.In "The Faerie Queene," Edmund Spenser introduces a fairy queen by the name of Gloriana, who is also known as Tanaquill. This alternative name seems to be inspired by the wife of Tarquinius Priscus, and serves as an epithet for Gloriana, the Queen of Faeries. Gloriana is portrayed as the daughter of Oberon, a character who is later married to Titania in Shakespeare's subsequent work. The name Titania originates from Ovid and is an epithet for the Roman goddess Diana. In various demonological texts, including King James VI of Scotland's "Demonology," Diana is often depicted as the ruler of the fairy realm.
The poem is written in a unique verse form known as the Spenserian stanza, with the rhyme scheme of ababbcbcc. Spenser intended to write twelve books, each focusing on one knight and his respective virtue. However, he completed only six books and a portion of a seventh.
The six completed books are:
Each book narrates the adventures of its central knight and explores various moral and ethical themes. Through its intricate allegory and vivid imagery, "The Faerie Queene" reflects the complex political, religious, and cultural issues of its time, as well as Spenser's own views on these matters.
A masque, as used in the context of Purcell's The Fairy-Queen and other works from the same era, is a form of courtly entertainment popular in 16th and 17th-century England. Masques typically combined elements of drama, music, dance, and elaborate scenery or costumes, often with allegorical or mythological themes. They were usually performed by courtiers and professional actors, often in the presence of royalty or other high-ranking individuals.
In Purcell's The Fairy-Queen, the masques serve as musical interludes within the adaptation of Shakespeare's A Midsummer Night's Dream. These masques are not directly connected to the play's plot but instead are related metaphorically, providing additional layers of meaning and spectacle. They contribute to the overall "Restoration spectacular" nature of the work, which was a characteristic of entertainment during the English Restoration period.
The Fairy-Queen (1692; Purcell catalogue number Z.629) is a masque or semi-opera by the renowned composer Henry Purcell, often described as a "Restoration spectacular." The libretto, which is an anonymous adaptation, is based on William Shakespeare's famous wedding comedy, A Midsummer Night's Dream. First staged in 1692, The Fairy-Queen was created just three years before Purcell's untimely death at 35. After his passing, the score vanished and was only rediscovered in the early 20th century.
Interestingly, Purcell did not set Shakespeare's original text to music. Instead, he crafted music for short masques in all but the first act. While the play was somewhat modernized to align with 17th-century theatrical norms, the spoken text remains primarily faithful to Shakespeare's original work. The masques hold metaphorical, rather than literal, connections to the play, leading some critics to argue that they have no relationship to the play at all. However, recent scholarship suggests that the opera, which concludes with a masque featuring Hymen, the God of Marriage, was likely composed to celebrate the fifteenth wedding anniversary of William III and Mary II. define masque as used in this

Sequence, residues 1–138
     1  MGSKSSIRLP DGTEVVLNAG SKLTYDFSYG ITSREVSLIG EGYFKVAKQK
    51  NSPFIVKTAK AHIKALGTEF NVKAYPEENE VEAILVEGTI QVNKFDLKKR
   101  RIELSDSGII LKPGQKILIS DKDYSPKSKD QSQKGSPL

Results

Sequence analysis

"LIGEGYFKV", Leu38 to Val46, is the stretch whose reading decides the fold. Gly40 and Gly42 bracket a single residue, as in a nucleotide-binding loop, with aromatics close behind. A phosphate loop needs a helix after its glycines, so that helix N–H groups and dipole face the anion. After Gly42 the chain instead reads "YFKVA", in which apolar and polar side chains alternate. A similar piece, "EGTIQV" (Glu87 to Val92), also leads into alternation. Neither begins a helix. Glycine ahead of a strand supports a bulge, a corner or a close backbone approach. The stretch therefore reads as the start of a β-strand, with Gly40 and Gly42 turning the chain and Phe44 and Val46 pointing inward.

"The Fairy-Queen" (1692; Purcell catalogue number Z.629) is a semi-opera or masque composed by Henry Purcell, embodying the essence of a "Restoration spectacular." The libretto, adapted anonymously, is based on William Shakespeare's matrimonial comedy "A Midsummer Night's Dream." Premiering in 1692, "The Fairy-Queen" was composed just three years before Purcell's untimely death at 35. After his passing, the score disappeared, only to be rediscovered in the early twentieth century.
Instead of setting Shakespeare's text to music, Purcell crafted musical accompaniments for brief masques throughout the play, except for the first act. The original play was moderately modernized in line with the seventeenth-century theatrical conventions, but the spoken text largely remains true to Shakespeare's original. The masques share a metaphorical connection with the play rather than a literal one, and many critics argue they have no relation to the play at all. However, recent studies have revealed that the semi-opera, culminating in a masque starring Hymen, the God of Marriage, was created to commemorate the fifteenth wedding anniversary of William III and Mary II.
What does this have to do with Fairies? Well with a name like that, I thought maybe....BUT it does not appear to have anything to do with fairies. I have researched Google, India History and India Train History and none of them have any mention why in 1895 they named this "The Fairy Queen Train"
Saying all that, about the train. It is the oldest luxury trains in the world that still operates, 1855. It is in the Guinness Book of World Records. It is decorated like it is ready for Royalty. It offers two day tours to the areas around Delhi, Alwar and the famous Sariska Tiger Reserve in Rajasthan, But, I can't find any reason for choosing this name. If you know, let me know in the comments below.